The firlot was a dry measure used in Scotland. For centuries it was the primary measure for all grains sold in the country. In the Scottish system a firlot was equal to 4 pecks, and the boll was equal to 4 firlots.[1]

The Maiden Stone. Tradition tells of a Drumdurno maiden who bet a stranger she could bake a "firlot" (an old Scottish measure) of meal before he could forge a path to the top of Bennachie, a nearby mountain. As usual, the 'stranger' was the Devil in disguise, who, having completed the path in time, returned to chase after the fleeing maiden. As he caught her, she was turned to stone; the triangular chunk missing from the side of the stone supposedly marks where he reached out and grabbed her shoulder.

The first attempt of the Scottish Parliament to define the firlot was in 1426. They set it as 1,200 Scottish cubic inches or 19.98 litres, but effectively the exact volume continued to be defined by local custom and varied across the country. [1]

Over the years the common definition seems to have increased. By an Act of Parliament of Scotland of 1617, the commissioners' firlot of Linlithgow was made the standard for the whole of Scotland, but, in fact, two units were defined for different commodities. The first, which “contained 21 pints and a mutchkin of the water of Leith,” (approximately 35 litres) was for wheat, pease, beans, rye, and white salt, commodities which had been sold by striken, or level measure. The second firlot, which contained 31 pints of water, about 50 litres, was for oats, barley and malt, which had been sold by heaped measure. The pint mentioned is the Scottish Sterling jug.[1]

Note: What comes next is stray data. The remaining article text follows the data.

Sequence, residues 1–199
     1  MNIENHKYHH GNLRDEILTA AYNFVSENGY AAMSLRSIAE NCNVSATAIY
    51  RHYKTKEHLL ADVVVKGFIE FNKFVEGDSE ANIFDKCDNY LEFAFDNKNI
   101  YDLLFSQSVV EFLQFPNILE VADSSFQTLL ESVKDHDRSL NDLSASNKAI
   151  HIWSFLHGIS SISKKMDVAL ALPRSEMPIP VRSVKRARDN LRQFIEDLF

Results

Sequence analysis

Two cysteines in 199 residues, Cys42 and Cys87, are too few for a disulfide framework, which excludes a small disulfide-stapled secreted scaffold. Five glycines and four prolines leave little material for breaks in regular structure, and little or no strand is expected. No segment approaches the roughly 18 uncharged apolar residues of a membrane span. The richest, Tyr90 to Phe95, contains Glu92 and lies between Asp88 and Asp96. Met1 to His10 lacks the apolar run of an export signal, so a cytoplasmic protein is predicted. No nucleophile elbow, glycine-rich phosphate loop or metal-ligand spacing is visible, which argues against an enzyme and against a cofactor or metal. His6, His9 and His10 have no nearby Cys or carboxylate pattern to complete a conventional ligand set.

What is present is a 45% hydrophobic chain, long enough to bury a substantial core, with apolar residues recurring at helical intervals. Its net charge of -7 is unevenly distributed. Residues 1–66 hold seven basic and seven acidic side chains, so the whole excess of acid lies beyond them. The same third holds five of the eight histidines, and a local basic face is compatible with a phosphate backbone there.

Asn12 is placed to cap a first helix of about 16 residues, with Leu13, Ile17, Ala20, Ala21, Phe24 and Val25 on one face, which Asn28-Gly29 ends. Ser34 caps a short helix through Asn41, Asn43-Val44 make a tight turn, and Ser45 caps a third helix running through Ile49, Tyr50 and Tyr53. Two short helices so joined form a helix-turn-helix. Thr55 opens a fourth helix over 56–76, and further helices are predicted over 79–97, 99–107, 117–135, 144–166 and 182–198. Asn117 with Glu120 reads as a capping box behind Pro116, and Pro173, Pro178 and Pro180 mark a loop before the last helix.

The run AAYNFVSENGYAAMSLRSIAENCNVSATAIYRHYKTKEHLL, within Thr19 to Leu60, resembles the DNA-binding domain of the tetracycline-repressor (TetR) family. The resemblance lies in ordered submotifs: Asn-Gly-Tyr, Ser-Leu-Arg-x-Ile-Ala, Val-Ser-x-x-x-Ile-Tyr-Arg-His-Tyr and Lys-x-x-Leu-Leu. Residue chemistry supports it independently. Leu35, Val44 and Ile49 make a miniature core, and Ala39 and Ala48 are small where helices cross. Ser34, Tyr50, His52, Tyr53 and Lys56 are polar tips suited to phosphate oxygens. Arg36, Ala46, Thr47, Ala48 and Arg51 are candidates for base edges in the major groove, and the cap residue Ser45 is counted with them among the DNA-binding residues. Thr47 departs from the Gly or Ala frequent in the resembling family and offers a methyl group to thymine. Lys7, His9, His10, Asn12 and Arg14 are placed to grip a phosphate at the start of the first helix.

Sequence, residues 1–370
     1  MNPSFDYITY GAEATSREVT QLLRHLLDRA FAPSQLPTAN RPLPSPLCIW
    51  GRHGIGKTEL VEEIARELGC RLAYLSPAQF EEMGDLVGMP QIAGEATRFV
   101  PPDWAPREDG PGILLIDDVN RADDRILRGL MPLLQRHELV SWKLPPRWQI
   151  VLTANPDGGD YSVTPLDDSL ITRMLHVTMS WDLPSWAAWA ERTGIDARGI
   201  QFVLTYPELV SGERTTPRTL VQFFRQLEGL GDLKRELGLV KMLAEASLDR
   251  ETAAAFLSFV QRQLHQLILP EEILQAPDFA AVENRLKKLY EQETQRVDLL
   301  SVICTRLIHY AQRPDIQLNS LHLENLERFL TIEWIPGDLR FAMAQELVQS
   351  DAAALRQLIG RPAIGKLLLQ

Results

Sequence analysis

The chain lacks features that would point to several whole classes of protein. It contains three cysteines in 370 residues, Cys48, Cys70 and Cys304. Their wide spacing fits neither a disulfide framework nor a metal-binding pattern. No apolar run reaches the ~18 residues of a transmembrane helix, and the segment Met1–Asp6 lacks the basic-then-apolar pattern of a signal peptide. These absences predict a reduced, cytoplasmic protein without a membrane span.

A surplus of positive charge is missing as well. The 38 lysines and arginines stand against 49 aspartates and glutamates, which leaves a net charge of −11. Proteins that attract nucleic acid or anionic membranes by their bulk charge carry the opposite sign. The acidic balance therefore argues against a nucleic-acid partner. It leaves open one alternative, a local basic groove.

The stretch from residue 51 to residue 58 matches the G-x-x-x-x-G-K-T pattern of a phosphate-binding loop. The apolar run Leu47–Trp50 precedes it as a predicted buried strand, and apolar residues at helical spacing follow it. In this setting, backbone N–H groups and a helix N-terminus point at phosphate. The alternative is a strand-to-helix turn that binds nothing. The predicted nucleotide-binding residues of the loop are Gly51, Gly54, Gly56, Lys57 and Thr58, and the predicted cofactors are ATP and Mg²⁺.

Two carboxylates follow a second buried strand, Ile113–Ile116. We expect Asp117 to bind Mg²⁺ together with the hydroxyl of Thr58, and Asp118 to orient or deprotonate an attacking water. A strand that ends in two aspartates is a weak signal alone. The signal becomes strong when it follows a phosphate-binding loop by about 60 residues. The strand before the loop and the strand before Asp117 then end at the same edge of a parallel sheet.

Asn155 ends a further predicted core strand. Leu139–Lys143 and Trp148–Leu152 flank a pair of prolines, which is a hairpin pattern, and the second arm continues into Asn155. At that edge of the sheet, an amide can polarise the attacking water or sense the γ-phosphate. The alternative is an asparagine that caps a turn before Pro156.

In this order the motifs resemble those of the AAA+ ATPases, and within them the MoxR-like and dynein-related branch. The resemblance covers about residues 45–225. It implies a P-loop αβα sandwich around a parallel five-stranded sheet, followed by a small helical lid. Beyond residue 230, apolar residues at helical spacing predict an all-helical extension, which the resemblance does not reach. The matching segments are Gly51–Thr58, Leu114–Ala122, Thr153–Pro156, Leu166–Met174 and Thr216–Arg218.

The measure became less common in 1696 when laws were passed requiring all oatmeal to be sold by weight rather than measure. It finally disappeared with the introduction of Imperial units by the Weights and Measures Act 1824.

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  1. ^ a b c A. J. S. Gibson; T. C. Smout (19 July 2007). Prices, Food and Wages in Scotland, 1550-1780. Cambridge University Press. pp. 371–. ISBN 978-0-521-03780-8.